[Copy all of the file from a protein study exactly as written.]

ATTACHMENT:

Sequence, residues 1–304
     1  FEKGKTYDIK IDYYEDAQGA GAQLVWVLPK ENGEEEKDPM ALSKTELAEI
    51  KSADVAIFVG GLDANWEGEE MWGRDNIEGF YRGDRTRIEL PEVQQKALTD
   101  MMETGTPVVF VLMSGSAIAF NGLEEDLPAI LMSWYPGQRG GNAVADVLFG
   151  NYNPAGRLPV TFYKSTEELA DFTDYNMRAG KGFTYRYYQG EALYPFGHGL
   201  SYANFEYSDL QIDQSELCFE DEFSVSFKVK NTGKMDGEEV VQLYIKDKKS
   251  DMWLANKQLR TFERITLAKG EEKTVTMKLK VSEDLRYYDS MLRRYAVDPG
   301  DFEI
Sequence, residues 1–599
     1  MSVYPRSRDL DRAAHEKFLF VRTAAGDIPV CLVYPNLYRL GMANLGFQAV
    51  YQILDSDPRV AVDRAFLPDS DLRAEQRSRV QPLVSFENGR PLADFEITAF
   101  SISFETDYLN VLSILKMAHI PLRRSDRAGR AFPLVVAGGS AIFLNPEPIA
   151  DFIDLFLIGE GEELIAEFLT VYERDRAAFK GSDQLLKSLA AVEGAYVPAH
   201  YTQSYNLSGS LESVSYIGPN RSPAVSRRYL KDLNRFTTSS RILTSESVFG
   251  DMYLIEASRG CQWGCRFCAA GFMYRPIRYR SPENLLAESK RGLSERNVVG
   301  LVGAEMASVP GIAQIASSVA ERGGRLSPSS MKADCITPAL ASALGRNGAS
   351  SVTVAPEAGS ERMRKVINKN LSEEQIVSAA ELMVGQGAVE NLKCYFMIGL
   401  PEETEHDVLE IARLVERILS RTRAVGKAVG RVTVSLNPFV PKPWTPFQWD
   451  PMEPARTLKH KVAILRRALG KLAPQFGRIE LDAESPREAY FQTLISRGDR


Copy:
Sequence, residues 1–304
     1  FEKGKTYDIK IDYYEDAQGA GAQLVWVLPK ENGEEEKDPM ALSKTELAEI
    51  KSADVAIFVG GLDANWEGEE MWGRDNIEGF YRGDRTRIEL PEVQQKALTD
   101  MMETGTPVVF VLMSGSAIAF NGLEEDLPAI LMSWYPGQRG GNAVADVLFG
   151  NYNPAGRLPV TFYKSTEELA DFTDYNMRAG KGFTYRYYQG EALYPFGHGL
   201  SYANFEYSDL QIDQSELCFE DEFSVSFKVK NTGKMDGEEV VQLYIKDKKS
   251  DMWLANKQLR TFERITLAKG EEKTVTMKLK VSEDLRYYDS MLRRYAVDPG
   301  DFEI
Sequence, residues 1–599
     1  MSVYPRSRDL DRAAHEKFLF VRTAAGDIPV CLVYPNLYRL GMANLGFQAV
    51  YQILDSDPRV AVDRAFLPDS DLRAEQRSRV QPLVSFENGR PLADFEITAF
   101  SISFETDYLN VLSILKMAHI PLRRSDRAGR AFPLVVAGGS AIFLNPEPIA
   151  DFIDLFLIGE GEELIAEFLT VYERDRAAFK GSDQLLKSLA AVEGAYVPAH
   201  YTQSYNLSGS LESVSYIGPN RSPAVSRRYL KDLNRFTTSS RILTSESVFG
   251  DMYLIEASRG CQWGCRFCAA GFMYRPIRYR SPENLLAESK RGLSERNVVG
   301  LVGAEMASVP GIAQIASSVA ERGGRLSPSS MKADCITPAL ASALGRNGAS
   351  SVTVAPEAGS ERMRKVINKN LSEEQIVSAA ELMVGQGAVE NLKCYFMIGL
   401  PEETEHDVLE IARLVERILS RTRAVGKAVG RVTVSLNPFV PKPWTPFQWD
   451  PMEPARTLKH KVAILRRALG KLAPQFGRIE LDAESPREAY FQTLISRGDR